making local government more ethical

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Robert Wechsler
For those of you who are tired of talk about "witch hunts," this quote will be a great relief:
"I'm concerned about a zealous ethics staff chasing down rabbit holes when there is no rabbit."
These are the words of Adam Bonin, a Philadelphia election lawyer, as quoted...
Robert Wechsler
Intimidation is, I believe, the worst kind of ethical misconduct in government, because (1) it limits or changes participation of people in the democratic process, (2) it is emotionally damaging, and (3) it enables all sorts of ethical misconduct. Intimidation is a fundamental form of misuse of power and position. (For more about intimidation, see the section of my book on this topic...
Robert Wechsler

Read all about it! Local government ethics becomes a presidential campaign issue! Yes, you heard that right. According to CBS News, this very day presidential candidate Mitt Romney said "the person sitting across the table from [a teachers union] should not have received the largest campaign contribution from the teachers union themselves...
Robert Wechsler
In this year of endless talk about voter fraud, there is not all that much talk about one area of fraud that has actually been proven to exist, and to make a difference:  absentee ballot fraud. This kind of fraud even comes with its own profession, the absentee ballot broker (boletera in southern Florida).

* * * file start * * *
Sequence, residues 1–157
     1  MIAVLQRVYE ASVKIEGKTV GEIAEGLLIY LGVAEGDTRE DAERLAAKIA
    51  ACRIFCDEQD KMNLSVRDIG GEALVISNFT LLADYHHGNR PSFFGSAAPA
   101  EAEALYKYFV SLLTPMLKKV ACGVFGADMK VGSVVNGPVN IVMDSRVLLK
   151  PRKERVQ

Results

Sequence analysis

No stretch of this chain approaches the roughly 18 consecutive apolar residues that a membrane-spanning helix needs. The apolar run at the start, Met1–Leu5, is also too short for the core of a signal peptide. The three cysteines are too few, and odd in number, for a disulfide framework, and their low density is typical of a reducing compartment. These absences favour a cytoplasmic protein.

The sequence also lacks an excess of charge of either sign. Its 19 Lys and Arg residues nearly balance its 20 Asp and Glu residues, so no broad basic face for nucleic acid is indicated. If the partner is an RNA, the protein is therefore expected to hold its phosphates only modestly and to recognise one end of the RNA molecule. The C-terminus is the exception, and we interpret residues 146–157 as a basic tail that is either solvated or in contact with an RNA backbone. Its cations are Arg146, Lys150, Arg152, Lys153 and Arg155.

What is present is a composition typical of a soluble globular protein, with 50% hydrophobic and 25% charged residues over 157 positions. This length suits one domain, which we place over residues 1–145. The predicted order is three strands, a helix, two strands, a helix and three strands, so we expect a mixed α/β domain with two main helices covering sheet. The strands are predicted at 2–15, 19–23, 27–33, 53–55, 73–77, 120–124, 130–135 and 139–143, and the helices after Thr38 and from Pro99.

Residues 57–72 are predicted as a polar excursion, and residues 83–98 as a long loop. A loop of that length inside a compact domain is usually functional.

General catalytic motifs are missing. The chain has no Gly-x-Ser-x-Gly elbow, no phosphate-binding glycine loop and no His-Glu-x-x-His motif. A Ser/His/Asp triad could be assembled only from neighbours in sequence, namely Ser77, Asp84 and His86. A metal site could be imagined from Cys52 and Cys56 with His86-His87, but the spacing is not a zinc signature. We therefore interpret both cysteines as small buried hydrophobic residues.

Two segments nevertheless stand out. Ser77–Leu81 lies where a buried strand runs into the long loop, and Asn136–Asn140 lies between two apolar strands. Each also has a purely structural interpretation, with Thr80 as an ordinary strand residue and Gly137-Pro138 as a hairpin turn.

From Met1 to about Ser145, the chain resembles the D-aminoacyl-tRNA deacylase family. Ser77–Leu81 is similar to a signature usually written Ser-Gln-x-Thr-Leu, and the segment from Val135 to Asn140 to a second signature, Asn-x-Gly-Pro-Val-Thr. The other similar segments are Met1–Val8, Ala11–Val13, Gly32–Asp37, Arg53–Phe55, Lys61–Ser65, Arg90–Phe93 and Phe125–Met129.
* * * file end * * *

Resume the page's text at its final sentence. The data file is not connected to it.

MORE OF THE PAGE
Boleteras are hired by local campaigns to go into nursing homes, assisted living facilities, and sometimes homes to help people fill out absentee ballots. The question is, how...
Robert Wechsler
(Note: This post has been revised, based on a response from Steve Berlin, executive director of Chicago's ethics board. I had made the silly assumption that the underlined language in the ethics reform ordinance was new. It turns out that much of that language has been there for some time. So I've deleted some comments and made changes to others.)

Recently, the Chicago council passed a series of ethics reforms (attached; see below) in response to the first report of the city...
Robert Wechsler
A big controversy surrounding the race for mayor of Honolulu is focused on the state's pay-to-play culture of the past, and what pay to play actually is. The reason for this is that a former Hawaii governor is running for mayor, and he is being supported by Bob Watada, a former state Campaign Spending Commission executive director who is known for bringing the state's pay-to-play culture to its knees during his 1994-2005 term in office.

According to...